David Freeze: Will this be the one? Blame it on the glaciers
Published 12:10 am Monday, July 20, 2015
Editor’s note: Salisbury native David Freeze is cycling from Mobile, Ala., to Toronto, Ontario, Canada. The Post is chronicling each day of his ride. Contact him at firstname.lastname@example.org.
I had another wonderful night’s sleep Saturday night in Mt. Vernon, Ohio. I was up and ready to go before the sun came up, hoping to get an early start Sunday on what I expected to be a very hilly ride. My route was off the Adventure Cycling map because I wanted to see some other towns and make it to Oberlin, Ohio, before nightfall.
I actually rode into the town of Mt. Vernon first, after only reaching the outskirts on Saturday. There is a roundabout in the center of town that has a memorial to the town’s Civil War soldiers squarely in the middle. Mt. Vernon was also the home of Daniel Decatur Emmett, the author of “Dixie.” A little known fact is that the famous song was written by a Northerner and was almost as popular with Union forces as with the Confederate Army. I got on Ohio Route 3 and headed north. The first 20 miles were very challenging, especially on a humid morning.
First town up was Amity. Nobody was moving yet, but I did see that the dairy bar also sells produce. Then on to Jelloway, a little bigger town that reminded me of the Amish presence in the area. I saw one carriage very early as I pushed up a hill to head out of town. As the day progressed, I saw lots of manure in the road. A good thing, in my opinion.
Finally the climbing took a break as I rode into the Mohican State Forest. This is a very busy camping and canoeing center. I noticed that one of the canoe companies has everything painted school bus yellow. The canoes are the same bright yellow as the buses, a little different than the colorful ones used by other outfits. I guess they saved a lot of money by not having to paint the buses.
In a day of unusual things, I got the two best egg and cheese muffins yet near the Mohican campground in a convenience store. The clerk even added tomato at no charge.
Next town up was Loudonville with a beautiful tree-lined entrance and busy downtown even on a Sunday. As I was leaving town, I met Joe Fodor, who walked over to ask if I needed help with directions. What followed was a very easy conversation about bike touring and the surrounding countryside. Joe had even managed a farm that has a bike hostel. He had his old Schwinn touring bike with new handlebars loaded on his truck and was headed out of town for a ride. Joe lives in McKay, my next town up, and reminded me that there were lots of hills coming up, especially the first one after I turned right out of McKay.
The ride to McKay was relatively easy until I made that turn onto State Road 95 and hit Joe’s hill. I began to wonder after close to an hour of low gear climbing, “Will this hill be the one, the highest one that lets me start working downhill?” Over and over, I climbed and coasted down, then climbed again. During this, I was reminded that Joe had said, “The hills here are because of the glaciers.” That is exactly the same thing I heard about the Oregon coastal hills in 2013 and the Maine hills in 2014. Darn glaciers! Guess they didn’t ride bikes.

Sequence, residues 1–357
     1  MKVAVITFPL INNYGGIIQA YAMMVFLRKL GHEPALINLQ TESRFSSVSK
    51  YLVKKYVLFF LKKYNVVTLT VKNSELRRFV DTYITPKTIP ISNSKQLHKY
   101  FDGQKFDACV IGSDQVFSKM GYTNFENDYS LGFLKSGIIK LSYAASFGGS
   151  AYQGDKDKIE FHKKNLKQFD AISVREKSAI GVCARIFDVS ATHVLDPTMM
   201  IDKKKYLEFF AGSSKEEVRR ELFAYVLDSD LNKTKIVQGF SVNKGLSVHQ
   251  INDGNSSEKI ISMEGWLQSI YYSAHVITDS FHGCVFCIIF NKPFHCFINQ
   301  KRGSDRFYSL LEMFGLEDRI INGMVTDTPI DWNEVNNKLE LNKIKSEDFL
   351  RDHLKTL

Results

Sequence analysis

As I left SR 95 and turned onto SR 89, I found a “road closed” sign. Not aware of how to get around the situation, I took it head on and rode past the sign. I found that the reason for the road being closed was some big drain pipe work. The road was actually not there for about 8 feet. I could turn around or get across the creek underneath. Carrying the bike across the creek was not bad, and I gloated that I had made it until a resident told me that there might be another one on down the road. Thank goodness there was not another incident.
On through Jeromeville and Polk on 89, both small towns about 200 years old. In fact, the bicentennial celebration in Jeromeville is this coming weekend.
SR 89 became SR 58, and I got a better road and a a full-fledged tailwind. I stopped in Huntington to use the bathroom at Chet and Fern’s Groceries and was told to go use the one in the park because the store didn’t have one. Interesting!
Then, I stopped to pick up groceries and food for the evening in Wellington. There was a big downtown celebration going on with music and much more. Lots of happy people. Speaking of unusual things, the painter of the Spirit of ’76, Archibald Williard, lived in Wellington. That is the painting with a fife player and two drummers marching along in their Continental Army uniforms.
With rain chasing me in, I made it to one of the coolest motels that I have stayed in, the Sunset Motel in Oberlin, Ohio. I will spend some extra time in Oberlin tomorrow because it has Salisbury connections.
Today’s ride was 76 miles, hilly early and very easy later. I realized today that there is a certain degree of comfort when I climb on the bike. It just seems right to be heading toward another day of discovery. See you tomorrow!